Lindgren herself was honored last year when her picture was placed on the 20 Swedish kronor, replacing that of another beloved Swedish children’s writer, Selma Lagerlöf. Bo had enclosed one of the freshly printed bills inside my letter. In addition, Lindgren and the characters from her books became the subject of a set of shiny silver commemorative coins. One of these, along with the folder with spots for the other coins, I also found in Bo’s package. I want to collect the entire set.
Having learned about my Lindgren connection, I of course made it a priority on my recent trip, to visit Lindgren’s hometown of Vimmerby where she was born, where she is buried and where Pippi’s adventures are set. It was a part of my trip to which I was most looking forward.
I drove into Vimmerby mid-afternoon on a Saturday. It was only a 48 minute drive inland from Vastervik, where my husband and I had disembarked from the Gotland ferry. The shops in Vimmerby’s town square had closed at two o’clock. I would not buy any Pippi Longstocking souvenirs to carry home. We strolled into the charming square, empty except for a handful of visitors like ourselves.
At one end of the square sat the old, mustard-colored Town Hall and opposite is a lovely hotel with patio tables on the porch. In the center of the square, near the hotel, are several small play structures taken from Lindgren’s books: a sailing ship,a cottage, Kindergarten-sized children were crawling in and out and climbing up and down in delight.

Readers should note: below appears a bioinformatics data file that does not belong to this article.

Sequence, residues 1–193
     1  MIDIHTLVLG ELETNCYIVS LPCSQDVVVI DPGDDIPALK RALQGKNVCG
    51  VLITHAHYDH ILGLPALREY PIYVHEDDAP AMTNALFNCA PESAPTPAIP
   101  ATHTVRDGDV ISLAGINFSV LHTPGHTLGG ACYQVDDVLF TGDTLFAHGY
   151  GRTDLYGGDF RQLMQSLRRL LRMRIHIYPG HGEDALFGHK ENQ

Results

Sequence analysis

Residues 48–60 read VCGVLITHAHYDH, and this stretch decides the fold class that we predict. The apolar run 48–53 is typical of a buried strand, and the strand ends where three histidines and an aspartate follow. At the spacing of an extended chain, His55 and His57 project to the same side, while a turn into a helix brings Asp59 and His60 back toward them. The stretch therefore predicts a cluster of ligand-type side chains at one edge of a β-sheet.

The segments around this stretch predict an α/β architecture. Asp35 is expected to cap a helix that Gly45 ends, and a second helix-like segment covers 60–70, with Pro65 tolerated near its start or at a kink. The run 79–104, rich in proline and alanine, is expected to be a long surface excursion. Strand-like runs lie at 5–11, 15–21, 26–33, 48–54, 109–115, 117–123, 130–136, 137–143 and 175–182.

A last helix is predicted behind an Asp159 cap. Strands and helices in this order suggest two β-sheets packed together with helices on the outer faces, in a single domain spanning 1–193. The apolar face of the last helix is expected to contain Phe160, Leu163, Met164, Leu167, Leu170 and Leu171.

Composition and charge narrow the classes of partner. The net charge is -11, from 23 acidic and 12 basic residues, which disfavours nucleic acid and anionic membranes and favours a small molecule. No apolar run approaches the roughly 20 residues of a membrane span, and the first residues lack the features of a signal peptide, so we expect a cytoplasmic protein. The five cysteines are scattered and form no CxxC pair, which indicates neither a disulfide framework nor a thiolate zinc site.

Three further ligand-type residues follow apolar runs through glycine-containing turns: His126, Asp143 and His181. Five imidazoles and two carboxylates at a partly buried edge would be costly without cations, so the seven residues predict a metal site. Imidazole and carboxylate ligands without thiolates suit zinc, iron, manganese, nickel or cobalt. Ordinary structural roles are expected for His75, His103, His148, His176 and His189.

On the other side of the square, nearer the Town Hall, is a life-size sculpture of my famous cousin sitting at desk with a typewriter. It felt a little odd to meet my newly found relative in this way, but was quite an honor at the same time.
I next sought out her resting place in the neatly kept, hilltop cemetery. Thanks to some local residents, I found her gravestone, alongside that of her parents and sister. It was a simple stone for such a celebrated figure, quite humble and unassuming. I wondered if it reflected her personality in life.
As we walked back through the streets of Vimmerby we noted the spots where Pippi and her sidekick, Tommy, had their adventures. Then we headed out to the Lindgren family home, where Astrid was born and lived as a child. The little house is located on a farm known as Näs in Vimmerby. It stands exactly as it was when Astrid grew up there, having been restored by Lindgren herself. Tours of the house are available almost daily except when closed for the winter from mid-December until March. Unfortunately, we arrived after hours. Had someone been around I might have told them that I was a ‘cousin’ from the U.S., in hopes that they would take pity on me and allow me inside.
Also on the property, owned by the city of Vimmerby, stands a modern glass-walled exhibition hall where her life and achievements are displayed. But again, we were too late and unable to go in. I was disappointed but until only a year ago, I didn’t even know that the woman remembered here was even remotely related to me. Now that I do, I will return the next trip to see both the house and the museum.
Back in Stockholm, three long, large banners hung down from the city’s concert hall. On two of the red banners were the words: Astrid Lindgren Memorial Award with the name and image of the winning author—Meg Rosoff—printed on the center banner. The award is presented annually to presented to authors, illustrators, oral storytellers and reading promoters to honor her memory and promote interest in children’s and young adult literature. It is the largest such literature award in the world.